2. Find Roanoke Island on the map.
3. Name the regions in the New World and the East claimed by the
English, French, Portuguese, and Spaniards after a century of
discovery and exploration (1492-1600). What parts of North America
were still unknown? With the use of some map of the world to-day
make a list of the colonies of the same countries now.
1. Prepare a list of the men who took the chief part in discovering
the New World, and give for each the name of the region he found.
2. What had the Greeks learned to do, the knowledge of which they
carried into Italy? What more had the Romans learned to do, the
knowledge of which they carried into Spain and Gaul and Britain?
What more had the Spaniards, the French, and the English learned to
do, the knowledge of which they either were already, as in the case
of Spain, carrying into Spanish America, or, in the case of England
and France, were prepared to carry into North America?
REFERENCES FOR TEACHERS
The following references are given in the hope that they will be helpful
to the teacher. The list is by no means exhaustive, but enough are given
so that one or more books for each subject should be found in any fairly
equipped school or public library. Some of these books may be assigned
to the brighter or more ambitious members of the class for home
readings. Extracts from others may be read to the class directly. Still
others will furnish the teacher a variety of stories or fuller
statements of fact upon matters treated briefly in the text. A
Bibliography of History for Schools and Libraries by Andrews, Gambrill
and Tail (Longmans, 1911), will give many more references and further
information regarding those that are given here.
A. ANCIENT TIMES. THE GREEK PEOPLE. (For use with chapters ii, iii,
_(a) Histories of the Greeks_.
Holm, History of the Greeks, 4 volumes, is the most trustworthy
history of the Greeks. Bury, A History of Greece, 2 volumes;
Botsford, History of the Ancient World; Goodspeed, History of the
Ancient World; Myers, Ancient History; Wolfson, Essentials in
Ancient History; and West, Ancient World, have brief accounts of
_(b) Versions of some famous old Greek stories_, especially the
story of Hercules and his Labors, the Search for the Golden Fleece,
the Trojan War, and the Wanderings of Ulysses.
A. J. Church, Stories from Homer; C. M. Gayley, Classical Myths; H.
A. Guerber, Myths of Greece and Rome; and the same author's The
Story of the Greeks; Haaren and Poland, Famous Men of Greece; C. H.
and S. B. Harding, Stories of Greek Gods, Heroes and Men; Charles
Kingsley, Heroes, or Greek Fairy Tales. Hawthorne, in Tanglewood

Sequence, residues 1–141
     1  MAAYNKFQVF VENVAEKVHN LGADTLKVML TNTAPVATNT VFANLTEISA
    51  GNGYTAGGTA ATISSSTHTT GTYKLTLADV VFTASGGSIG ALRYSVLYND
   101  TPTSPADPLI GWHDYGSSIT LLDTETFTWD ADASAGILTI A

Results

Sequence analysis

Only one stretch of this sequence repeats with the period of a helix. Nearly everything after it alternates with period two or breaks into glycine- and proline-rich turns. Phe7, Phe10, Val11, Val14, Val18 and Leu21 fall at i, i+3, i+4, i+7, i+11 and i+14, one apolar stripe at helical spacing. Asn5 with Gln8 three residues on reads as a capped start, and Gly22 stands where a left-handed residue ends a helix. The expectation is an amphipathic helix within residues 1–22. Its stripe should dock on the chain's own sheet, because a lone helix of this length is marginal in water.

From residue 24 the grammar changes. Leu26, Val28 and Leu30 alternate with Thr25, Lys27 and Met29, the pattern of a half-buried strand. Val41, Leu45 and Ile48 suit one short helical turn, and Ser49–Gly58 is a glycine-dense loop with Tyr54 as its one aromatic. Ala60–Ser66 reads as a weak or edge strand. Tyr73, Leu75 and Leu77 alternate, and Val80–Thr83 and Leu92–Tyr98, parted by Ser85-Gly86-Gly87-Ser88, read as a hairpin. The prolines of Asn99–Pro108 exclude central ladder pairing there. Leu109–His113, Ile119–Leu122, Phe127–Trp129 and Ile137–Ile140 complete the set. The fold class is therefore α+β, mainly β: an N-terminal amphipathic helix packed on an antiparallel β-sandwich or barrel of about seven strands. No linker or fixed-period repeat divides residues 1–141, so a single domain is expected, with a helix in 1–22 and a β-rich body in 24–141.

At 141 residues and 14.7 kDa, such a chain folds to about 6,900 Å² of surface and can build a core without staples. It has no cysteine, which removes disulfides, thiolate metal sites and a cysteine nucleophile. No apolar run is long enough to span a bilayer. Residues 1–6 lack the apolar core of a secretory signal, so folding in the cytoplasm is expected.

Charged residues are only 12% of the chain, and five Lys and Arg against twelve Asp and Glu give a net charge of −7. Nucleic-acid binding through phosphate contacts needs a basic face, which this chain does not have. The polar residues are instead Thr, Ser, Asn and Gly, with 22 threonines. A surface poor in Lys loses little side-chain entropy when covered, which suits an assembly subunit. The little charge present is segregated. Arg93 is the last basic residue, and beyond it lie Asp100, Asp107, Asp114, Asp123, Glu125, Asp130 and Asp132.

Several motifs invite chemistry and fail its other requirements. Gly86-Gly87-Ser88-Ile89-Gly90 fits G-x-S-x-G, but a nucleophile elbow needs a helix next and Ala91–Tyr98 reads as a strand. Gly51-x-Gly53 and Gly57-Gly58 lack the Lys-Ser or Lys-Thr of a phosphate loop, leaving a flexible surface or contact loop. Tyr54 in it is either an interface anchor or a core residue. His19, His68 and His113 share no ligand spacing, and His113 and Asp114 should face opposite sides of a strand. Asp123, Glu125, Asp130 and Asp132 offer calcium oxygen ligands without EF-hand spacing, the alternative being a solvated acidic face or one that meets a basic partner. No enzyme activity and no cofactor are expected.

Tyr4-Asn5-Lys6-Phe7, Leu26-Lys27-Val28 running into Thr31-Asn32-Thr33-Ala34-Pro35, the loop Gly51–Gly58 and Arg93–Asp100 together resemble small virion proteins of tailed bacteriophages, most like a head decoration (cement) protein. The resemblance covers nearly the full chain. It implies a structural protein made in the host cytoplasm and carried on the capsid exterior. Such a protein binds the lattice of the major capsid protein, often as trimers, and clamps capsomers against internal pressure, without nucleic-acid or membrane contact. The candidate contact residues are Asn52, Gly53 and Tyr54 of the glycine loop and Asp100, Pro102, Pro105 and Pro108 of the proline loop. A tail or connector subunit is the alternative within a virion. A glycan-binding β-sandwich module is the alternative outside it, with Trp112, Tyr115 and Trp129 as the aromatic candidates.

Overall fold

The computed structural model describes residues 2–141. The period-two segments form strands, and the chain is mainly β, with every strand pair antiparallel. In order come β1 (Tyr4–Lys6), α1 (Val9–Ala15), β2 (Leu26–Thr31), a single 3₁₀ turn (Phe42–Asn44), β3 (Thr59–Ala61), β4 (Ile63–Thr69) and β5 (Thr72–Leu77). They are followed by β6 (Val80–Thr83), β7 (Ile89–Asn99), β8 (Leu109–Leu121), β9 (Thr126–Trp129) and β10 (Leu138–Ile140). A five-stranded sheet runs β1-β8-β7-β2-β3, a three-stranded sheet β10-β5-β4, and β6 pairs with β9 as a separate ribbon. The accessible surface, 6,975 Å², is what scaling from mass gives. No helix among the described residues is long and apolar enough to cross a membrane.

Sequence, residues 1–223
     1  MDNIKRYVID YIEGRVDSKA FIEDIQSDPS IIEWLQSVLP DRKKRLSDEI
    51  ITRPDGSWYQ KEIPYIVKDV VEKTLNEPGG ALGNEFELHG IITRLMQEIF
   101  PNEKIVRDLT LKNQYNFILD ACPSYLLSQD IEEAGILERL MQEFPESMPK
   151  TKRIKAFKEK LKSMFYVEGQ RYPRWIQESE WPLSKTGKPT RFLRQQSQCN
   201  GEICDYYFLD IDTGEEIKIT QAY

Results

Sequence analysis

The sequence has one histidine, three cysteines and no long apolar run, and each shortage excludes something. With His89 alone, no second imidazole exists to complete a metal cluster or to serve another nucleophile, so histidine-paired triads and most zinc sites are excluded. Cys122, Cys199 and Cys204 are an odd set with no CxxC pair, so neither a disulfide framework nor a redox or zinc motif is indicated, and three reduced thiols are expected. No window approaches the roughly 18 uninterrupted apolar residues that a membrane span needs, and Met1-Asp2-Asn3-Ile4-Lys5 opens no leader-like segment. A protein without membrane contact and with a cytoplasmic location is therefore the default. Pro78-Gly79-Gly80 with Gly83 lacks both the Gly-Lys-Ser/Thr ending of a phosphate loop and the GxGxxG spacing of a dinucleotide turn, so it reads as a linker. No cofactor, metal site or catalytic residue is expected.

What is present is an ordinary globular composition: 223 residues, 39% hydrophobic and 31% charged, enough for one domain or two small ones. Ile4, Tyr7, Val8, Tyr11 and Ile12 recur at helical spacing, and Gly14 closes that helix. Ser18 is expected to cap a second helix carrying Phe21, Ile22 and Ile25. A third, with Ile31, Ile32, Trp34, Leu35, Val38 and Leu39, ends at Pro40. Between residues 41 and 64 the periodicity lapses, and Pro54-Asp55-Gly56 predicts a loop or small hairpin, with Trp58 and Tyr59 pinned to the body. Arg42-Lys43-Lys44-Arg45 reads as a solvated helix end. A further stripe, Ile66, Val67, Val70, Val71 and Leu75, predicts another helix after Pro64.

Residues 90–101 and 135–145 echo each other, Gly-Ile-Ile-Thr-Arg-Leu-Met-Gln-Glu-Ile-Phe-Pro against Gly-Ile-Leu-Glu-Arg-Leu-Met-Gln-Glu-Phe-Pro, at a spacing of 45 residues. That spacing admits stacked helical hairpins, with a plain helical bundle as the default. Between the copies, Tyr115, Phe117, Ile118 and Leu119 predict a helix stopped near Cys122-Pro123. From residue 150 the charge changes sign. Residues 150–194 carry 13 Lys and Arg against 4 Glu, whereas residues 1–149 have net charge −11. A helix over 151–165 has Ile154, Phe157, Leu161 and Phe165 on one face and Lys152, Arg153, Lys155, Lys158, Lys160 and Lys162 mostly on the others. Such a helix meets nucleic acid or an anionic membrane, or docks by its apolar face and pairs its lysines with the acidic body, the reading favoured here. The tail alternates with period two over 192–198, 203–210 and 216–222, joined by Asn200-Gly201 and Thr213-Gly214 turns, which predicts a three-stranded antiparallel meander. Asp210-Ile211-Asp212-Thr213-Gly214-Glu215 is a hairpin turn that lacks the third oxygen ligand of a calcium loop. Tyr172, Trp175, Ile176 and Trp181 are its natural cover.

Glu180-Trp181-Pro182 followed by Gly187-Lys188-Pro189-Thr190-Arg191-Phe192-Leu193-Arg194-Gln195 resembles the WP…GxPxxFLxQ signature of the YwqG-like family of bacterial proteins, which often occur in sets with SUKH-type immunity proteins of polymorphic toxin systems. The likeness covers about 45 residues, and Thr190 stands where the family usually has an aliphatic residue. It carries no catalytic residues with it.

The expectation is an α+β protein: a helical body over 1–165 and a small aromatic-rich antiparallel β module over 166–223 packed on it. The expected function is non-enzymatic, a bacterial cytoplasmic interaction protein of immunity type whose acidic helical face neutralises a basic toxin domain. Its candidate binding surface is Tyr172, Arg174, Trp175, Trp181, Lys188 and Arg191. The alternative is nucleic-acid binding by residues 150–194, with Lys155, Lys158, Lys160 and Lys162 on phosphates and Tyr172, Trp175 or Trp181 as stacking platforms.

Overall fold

Tales, has retold the story of the Search for the Golden Fleece in a
specially interesting manner. Bryant's translation of the Odyssey is
one of the best known versions of that story and may generally be
found in public libraries.
_(c) Short Biographies of some Greek Heroes_. Short accounts of the
lives of such heroes as Miltiades, Themistocles, Socrates,
Alexander, and Demosthenes will be found in Cox, Lives of Greek
Statesmen; Haaren and Poland, Famous Men of Greece; Jennie Hall, Men
of Old Greece; Harding, Stories of Greek Gods, Heroes and Men; E.M.
Tappan, The Story of the Greek People; and Plutarch's Lives. There
are several abridged editions of the latter, but those by C.E.
Byles, Greek Lives from Plutarch, and Edwin Ginn, Plutarch's Lives,
are best adapted to the use of schools.
_(d) Various features of Greek Life_, as the home, the schools,
food, clothing, occupations, amusements, or government have been
described in the books on Greek Life.
Among these are Bl�mner, Home Life of the Ancient Greeks (translated
by Alice Zimmern); C.B. Gulick, The Life of the Ancient Greeks;
Mahaffy, Social Life in Greece; and T.G. Tucker, Life in
_(e) Descriptions of Athens and Alexandria_. Descriptions of these
great centers of Greek civilization will be found in any history of
Greece; that in Gulick, Life of the Ancient Greeks, ch. 2, or
Tucker, Life in Ancient Athens, for Athens, and in Draper,
Intellectual Development of Europe, 1. pp. 187-204, for Alexandria,
will serve the purpose.
_(f)_ A description of the battle of Marathon, abridged from the
History of the World by Herodotus, will be found in F.M. Fling's
Source Book of Greek History. This little book gives many incidents
in Greek History as the Greek writers told them.
_(g)_ A description of the materials, methods of building,
decoration of public buildings, and the uses of the temples,
theaters, gymnasia, and stadia in Fowler and Wheeler's Greek
Archaeology, ch. 2; and Tarbell's History of Greek Art.
_(h)_ Some may wish to read the careful statement in Holm's History
of the Greeks, Vol. I, pp. 103-121, on the Truth about the Old Greek
Legends, or the same author's account, Vol. I, pp. 272-295, of
Emigration to the Colonies in the Olden Day.
B. ANCIENT TIMES. THE ROMAN PEOPLE. (For use with chapters v, vi,
vii, viii and ix.)
_(a) Histories of the Romans_.
Either Botsford, History of Rome; Pelham, Outlines of Roman History;
How and Leigh, History of Rome; or Schuckburgh, History of Rome;
though the last two do not cover the entire period of Roman history.
Duruy, History of Rome, 8 volumes, is attractive in style and